I’ve been reading a fantastic book called “Unwind”, which clearly describes a phenomenon which I have been long aware of, but I have never taken much time to think about, even though it is part of the central teaching of various philosophies.
The core argument in this: you can only live in the present.
When you stop and think what this really means, it is kind of cool. For many people in the world, the threat of violence or real danger is essentially negligible. In the great book “War: What is it good for?”, the author makes a great point about death rates, and even how in the twentieth century, where more than 100 million people died of violence and war, it was actually the most peaceful century on record, because you have to put those 100 million people in context of the 10 billion that lived through that century, and that means that only 1% of people died a violent death.
So, most of the time, you are quite safe, and you can do a simple exercise and try and count how many seconds or minutes you were in real danger in the last month. I tried, and I reached something like 30 seconds, which were the following:
- I had a few split-second almost-accidents while driving my Vespa.
- I was threatened by someone with a large stick (long story…) but manage to cool down the situation immediately.
- I was involved in a minor crash while riding a taxi.
When we realize that the stress we feel in the modern world comes from the ancient Fight-or-Flight syndrome, where your body floods with adrenaline and other hormones to ensure that you have the best chance to survive, by essentially simplifying decision making, and redirecting attention and energy (essentially, blood flow) to the most important actions, we can understand how silly it is to get stressed by the way we live now.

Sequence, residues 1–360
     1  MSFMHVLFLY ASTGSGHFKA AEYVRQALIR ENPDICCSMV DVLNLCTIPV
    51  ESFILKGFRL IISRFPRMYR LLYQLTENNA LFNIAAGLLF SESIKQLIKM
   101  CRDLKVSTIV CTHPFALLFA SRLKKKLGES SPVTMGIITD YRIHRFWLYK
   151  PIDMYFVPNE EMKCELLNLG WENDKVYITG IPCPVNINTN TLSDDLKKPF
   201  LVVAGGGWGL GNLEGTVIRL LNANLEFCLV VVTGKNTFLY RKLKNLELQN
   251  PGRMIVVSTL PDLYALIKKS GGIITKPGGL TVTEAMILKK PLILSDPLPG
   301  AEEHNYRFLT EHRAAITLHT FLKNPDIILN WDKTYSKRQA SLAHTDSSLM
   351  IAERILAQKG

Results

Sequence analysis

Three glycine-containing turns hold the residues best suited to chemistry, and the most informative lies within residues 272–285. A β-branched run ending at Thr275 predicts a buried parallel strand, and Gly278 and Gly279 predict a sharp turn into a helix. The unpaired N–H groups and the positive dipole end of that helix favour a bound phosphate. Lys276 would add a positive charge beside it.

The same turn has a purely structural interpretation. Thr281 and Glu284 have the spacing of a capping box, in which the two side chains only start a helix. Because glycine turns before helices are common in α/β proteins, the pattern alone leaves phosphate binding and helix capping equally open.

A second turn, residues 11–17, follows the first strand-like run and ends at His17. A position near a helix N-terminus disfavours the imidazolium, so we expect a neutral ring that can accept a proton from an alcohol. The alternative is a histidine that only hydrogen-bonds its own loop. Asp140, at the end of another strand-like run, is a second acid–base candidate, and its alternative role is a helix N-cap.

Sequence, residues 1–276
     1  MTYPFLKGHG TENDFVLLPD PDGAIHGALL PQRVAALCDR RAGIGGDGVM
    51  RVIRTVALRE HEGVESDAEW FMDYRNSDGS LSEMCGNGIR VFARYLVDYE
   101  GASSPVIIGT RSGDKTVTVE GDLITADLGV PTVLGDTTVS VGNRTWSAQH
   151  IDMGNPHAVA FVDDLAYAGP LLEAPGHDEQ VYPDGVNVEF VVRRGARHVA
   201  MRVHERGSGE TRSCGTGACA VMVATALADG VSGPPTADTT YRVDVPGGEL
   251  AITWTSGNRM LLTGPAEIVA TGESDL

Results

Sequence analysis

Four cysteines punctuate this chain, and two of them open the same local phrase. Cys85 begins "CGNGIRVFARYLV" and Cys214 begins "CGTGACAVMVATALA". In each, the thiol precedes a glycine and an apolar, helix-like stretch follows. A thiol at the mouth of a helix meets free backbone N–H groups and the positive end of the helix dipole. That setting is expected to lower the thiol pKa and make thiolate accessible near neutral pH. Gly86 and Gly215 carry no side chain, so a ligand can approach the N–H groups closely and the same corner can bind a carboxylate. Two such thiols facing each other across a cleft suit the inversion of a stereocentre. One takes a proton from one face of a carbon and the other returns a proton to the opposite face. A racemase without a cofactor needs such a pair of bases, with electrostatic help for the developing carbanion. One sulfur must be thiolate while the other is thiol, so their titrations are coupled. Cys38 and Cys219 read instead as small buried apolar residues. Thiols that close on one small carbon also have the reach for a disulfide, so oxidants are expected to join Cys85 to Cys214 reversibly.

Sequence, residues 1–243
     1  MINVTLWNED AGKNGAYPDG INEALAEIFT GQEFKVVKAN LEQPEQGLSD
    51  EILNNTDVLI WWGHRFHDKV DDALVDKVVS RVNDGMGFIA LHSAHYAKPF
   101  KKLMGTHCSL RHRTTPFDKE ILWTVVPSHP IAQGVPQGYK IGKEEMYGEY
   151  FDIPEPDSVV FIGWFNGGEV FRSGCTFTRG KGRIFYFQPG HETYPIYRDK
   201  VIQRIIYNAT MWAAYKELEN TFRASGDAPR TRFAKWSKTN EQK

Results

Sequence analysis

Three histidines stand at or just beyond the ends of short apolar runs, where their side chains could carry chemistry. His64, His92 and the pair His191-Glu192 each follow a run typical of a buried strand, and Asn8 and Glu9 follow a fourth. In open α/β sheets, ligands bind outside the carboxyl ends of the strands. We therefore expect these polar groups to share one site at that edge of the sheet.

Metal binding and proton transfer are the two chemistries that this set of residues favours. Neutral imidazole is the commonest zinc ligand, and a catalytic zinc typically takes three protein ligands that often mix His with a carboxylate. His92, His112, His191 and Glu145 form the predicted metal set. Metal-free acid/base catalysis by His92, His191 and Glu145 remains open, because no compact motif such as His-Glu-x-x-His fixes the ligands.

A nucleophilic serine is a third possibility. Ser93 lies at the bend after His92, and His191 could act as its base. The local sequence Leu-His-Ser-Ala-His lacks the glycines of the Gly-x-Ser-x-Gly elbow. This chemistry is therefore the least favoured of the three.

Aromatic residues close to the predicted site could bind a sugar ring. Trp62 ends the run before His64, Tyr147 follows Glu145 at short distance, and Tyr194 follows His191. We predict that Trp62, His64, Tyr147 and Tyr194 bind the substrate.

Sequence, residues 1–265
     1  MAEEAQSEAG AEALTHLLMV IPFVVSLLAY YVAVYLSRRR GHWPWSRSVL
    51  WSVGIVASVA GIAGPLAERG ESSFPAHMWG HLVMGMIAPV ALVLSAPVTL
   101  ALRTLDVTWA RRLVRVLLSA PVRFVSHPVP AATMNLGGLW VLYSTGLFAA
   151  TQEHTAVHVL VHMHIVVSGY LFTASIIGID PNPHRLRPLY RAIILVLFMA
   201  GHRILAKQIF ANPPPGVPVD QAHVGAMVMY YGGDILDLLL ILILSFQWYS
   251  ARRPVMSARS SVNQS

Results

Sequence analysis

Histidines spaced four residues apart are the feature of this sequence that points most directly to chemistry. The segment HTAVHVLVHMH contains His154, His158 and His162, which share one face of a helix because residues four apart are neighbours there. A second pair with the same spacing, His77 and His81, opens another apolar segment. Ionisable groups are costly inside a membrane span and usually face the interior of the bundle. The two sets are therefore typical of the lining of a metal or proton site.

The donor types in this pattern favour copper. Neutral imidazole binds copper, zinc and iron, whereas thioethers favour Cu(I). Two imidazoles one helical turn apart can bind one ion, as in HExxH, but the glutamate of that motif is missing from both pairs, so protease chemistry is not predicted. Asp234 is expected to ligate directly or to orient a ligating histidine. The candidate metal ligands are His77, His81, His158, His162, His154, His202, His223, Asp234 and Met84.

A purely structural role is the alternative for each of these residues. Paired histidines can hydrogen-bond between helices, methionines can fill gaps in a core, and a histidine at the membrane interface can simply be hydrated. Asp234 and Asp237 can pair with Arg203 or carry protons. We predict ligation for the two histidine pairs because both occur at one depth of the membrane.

When I saw “now”, I don’t mean the now that means this week or this year, I mean right now, which is often not actually a stressful situation. However, the issue is that we don’t manage to live in the real now, but our minds and thoughts flutter to the past and to the future, which often ends up causing stress in the present.
However, this is all easier said than done. I’ve suffered horrendously in my first year of being CEO, with some weeks have a terrible issue where I could not sleep one night because I was thinking too much, only to then collapse in an uneasy sleep the next day to compensate.
Looking back, this now feels really dumb, as generally situations tend to work themselves out, and there is little cause to worry about things that you cannot control.
And that is what I believe is the key to manage and reducing stress. The understanding of what is truly under your control and what is not, and then taking action on the things that are at least partially under control.
Even the very fact that you are taking action to resolve a real or perceived problem, that normally is enough to reduce a large amount of the anxiety that one feels.